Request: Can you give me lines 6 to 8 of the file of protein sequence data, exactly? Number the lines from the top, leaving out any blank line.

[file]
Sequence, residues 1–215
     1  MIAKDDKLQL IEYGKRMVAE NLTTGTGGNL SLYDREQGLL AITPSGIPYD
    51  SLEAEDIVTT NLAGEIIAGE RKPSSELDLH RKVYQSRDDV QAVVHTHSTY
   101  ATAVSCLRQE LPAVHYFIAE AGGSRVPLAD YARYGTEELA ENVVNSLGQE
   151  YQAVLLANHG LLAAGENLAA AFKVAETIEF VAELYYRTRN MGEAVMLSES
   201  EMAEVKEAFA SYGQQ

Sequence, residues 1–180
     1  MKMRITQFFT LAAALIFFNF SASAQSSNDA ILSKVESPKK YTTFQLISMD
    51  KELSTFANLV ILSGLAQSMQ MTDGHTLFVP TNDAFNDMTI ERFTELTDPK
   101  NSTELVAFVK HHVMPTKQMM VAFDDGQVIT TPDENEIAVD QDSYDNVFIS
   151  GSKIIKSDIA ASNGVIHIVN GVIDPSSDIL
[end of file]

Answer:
   201  EMAEVKEAFA SYGQQ

Sequence, residues 1–180
     1  MKMRITQFFT LAAALIFFNF SASAQSSNDA ILSKVESPKK YTTFQLISMD